In contrast to City of Men, the first feature spun-off from The X-Files TV series was neither too successful a continuation nor too successful a stand-alone story. I guess they tried too hard to make it accessible for people who didn't religiously follow the show, but many of us figured that, since it was released and took place between two seasons of the series, we wouldn't know what was going on and so didn't initially bother with the movie. Ten years later, though, it's a great supplement when watching the entire series on DVD. Just as it's easier to get ready for the upcoming second feature, The X-Files: I Want to Believe, now that we can watch all of the past episodes (and first film) leading up to its release date. The same issue likely affected the theatrical release of Twin Peaks: Fire Walk With Me, a prequel to its respective series. And likewise it's easier to watch at home along with the series now.
Borat: Cultural Learnings of America for Make Benefit Glorious Nation of Kazakhstan (2006)
Imagine if Da Ali G Show had been a lot more popular in the U.S. than it had been prior to the making of this movie? Imagine, for instance, if Michael Richards attempted to make a faux documentary in which Seinfeld's Kramer travels the nation and messes with people. Or consider the luck Dana Carvey and Kevin Nealon would have had taking SNL's Hans and Franz on the road. Sacha Baron Cohen greatly benefited from the fact that most Americans were unfamiliar with Borat, a character he'd originated on his comedy series. And now, of course, it would be nearly impossible to make a sequel, or even a similar transition as in the case of the upcoming Ali G spin-off, Bruno: Delicious Journeys Through America for the Purpose of Making Heterosexual Males Visibly Uncomfortable in the Presence of a Gay Foreigner in a Mesh T-Shirt.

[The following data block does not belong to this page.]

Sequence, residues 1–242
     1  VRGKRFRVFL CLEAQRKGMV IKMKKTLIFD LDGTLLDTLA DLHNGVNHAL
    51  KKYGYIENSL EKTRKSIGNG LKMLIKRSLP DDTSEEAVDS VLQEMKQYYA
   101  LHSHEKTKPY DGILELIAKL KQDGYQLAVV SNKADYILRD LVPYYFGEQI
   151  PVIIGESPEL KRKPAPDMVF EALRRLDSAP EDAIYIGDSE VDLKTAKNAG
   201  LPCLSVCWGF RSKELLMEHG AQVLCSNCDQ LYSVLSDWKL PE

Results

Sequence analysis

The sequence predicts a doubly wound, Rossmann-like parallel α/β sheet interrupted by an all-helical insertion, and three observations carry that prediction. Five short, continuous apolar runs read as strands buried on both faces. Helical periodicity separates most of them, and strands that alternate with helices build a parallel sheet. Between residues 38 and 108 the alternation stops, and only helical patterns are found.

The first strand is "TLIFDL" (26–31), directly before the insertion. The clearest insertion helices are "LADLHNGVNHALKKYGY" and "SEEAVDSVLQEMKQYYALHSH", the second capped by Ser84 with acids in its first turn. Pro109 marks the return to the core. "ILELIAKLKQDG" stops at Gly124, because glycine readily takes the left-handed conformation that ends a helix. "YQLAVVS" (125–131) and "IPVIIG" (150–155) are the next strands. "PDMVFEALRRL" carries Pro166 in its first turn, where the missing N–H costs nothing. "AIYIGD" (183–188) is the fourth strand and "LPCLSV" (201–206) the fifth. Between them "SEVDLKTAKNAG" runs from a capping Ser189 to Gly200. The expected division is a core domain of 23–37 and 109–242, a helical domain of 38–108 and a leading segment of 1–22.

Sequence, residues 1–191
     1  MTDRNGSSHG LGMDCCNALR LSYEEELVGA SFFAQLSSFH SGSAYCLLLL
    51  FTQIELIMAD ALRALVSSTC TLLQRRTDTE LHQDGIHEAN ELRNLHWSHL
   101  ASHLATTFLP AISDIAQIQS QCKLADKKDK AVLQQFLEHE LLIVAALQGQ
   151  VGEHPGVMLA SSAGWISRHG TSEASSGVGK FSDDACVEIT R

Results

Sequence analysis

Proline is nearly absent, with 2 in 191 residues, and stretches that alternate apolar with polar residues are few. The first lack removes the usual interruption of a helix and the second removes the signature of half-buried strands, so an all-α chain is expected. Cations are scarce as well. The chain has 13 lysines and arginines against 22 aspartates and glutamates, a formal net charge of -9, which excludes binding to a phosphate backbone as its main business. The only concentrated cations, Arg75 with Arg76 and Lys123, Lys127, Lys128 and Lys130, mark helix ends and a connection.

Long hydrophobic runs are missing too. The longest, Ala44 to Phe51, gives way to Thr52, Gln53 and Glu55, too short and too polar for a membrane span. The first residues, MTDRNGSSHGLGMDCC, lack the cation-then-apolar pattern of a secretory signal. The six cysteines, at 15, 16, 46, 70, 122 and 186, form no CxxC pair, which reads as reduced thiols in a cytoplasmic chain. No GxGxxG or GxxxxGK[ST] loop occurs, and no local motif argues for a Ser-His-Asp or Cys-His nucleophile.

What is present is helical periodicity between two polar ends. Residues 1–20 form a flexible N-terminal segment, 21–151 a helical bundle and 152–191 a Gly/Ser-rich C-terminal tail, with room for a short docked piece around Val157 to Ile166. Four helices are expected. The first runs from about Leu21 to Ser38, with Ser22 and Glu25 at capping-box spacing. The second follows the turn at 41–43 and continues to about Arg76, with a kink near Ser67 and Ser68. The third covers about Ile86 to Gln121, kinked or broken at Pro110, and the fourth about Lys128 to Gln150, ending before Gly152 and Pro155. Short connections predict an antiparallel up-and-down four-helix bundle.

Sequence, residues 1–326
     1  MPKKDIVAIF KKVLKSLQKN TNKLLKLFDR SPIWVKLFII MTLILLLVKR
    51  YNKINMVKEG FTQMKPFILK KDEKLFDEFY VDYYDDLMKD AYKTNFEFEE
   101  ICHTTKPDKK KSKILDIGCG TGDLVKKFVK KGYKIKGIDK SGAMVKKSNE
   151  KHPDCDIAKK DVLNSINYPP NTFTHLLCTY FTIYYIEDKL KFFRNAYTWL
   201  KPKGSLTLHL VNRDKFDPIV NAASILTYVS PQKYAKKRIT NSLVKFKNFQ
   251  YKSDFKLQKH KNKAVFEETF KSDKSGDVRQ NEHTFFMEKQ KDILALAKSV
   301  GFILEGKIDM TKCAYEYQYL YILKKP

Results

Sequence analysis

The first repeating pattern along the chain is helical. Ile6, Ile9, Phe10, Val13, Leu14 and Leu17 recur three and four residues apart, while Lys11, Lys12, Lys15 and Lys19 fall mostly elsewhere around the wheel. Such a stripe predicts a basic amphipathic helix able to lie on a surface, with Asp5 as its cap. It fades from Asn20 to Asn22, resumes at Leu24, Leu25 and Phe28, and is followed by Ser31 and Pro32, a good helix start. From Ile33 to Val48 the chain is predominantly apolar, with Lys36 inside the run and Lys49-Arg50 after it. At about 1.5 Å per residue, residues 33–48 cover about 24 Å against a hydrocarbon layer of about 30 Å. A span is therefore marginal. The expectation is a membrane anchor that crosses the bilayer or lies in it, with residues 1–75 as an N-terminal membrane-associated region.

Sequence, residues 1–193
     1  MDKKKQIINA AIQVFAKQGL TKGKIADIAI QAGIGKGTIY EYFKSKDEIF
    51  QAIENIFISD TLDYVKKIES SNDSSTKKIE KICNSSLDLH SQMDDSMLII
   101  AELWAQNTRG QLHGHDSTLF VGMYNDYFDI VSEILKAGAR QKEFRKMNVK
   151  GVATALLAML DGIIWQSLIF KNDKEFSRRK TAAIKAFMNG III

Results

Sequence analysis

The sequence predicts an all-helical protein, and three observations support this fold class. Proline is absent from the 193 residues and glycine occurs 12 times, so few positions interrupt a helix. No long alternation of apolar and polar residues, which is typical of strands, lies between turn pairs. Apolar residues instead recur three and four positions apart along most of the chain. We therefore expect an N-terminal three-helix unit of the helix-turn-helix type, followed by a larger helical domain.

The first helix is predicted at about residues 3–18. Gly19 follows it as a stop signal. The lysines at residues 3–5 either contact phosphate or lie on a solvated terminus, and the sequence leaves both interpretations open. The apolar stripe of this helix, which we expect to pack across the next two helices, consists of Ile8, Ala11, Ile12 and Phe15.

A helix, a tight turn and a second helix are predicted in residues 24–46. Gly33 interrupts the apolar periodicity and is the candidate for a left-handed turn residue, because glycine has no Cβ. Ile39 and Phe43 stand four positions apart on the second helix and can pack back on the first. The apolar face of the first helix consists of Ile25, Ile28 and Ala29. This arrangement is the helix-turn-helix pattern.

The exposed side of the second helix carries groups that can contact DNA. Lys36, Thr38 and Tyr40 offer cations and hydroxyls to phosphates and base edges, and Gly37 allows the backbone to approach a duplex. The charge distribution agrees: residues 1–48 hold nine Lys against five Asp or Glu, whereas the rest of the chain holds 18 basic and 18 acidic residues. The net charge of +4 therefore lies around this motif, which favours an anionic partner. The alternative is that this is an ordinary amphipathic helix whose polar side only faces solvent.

Wayne's World (1992)
Since I brought up SNL in the last selection, I might as well acknowledge the one truly successful spin-off from the long-running sketch comedy show. Well, I guess some people count The Blues Brothers, too, but I was too young to appreciate that transition, so I'm discounting it (though not ignoring it). Also, some might want to take issue with the fact that it was thanks to Wayne's World that we subsequently got duds like Coneheads, A Night at the Roxbury, Superstar and other forgettable features. Regardless of these two valid points, though, is the fact that Mike Myers and Dana Carvey showed us (again) that a popular recurring sketch can resume on the big screen and be very entertaining. It's an interesting contrast to those sketch groups who successfully make the jump to the big screen as a whole and as a brand (the Monty Python movies; Kids in the Hall: Brain Candy; the reportedly in-the-works State movie).
The Naked Gun: From the Files of Police Squad! (1988)
The TV series Police Squad was so short-lived that I continually forget that this movie is not the beginning of Frank Drebin. Yet, while Leslie Nielsen resumed that role from small to big screen, other actors did not return for the movie, which didn't arrive until 6 years after the show was canceled. Alan North was replaced by George Kennedy and Peter Lupus was replaced by O.J. Simpson. But seeing as both Nielsen and Ed Williams retained their roles, I deem it eligible to be considered a continuation.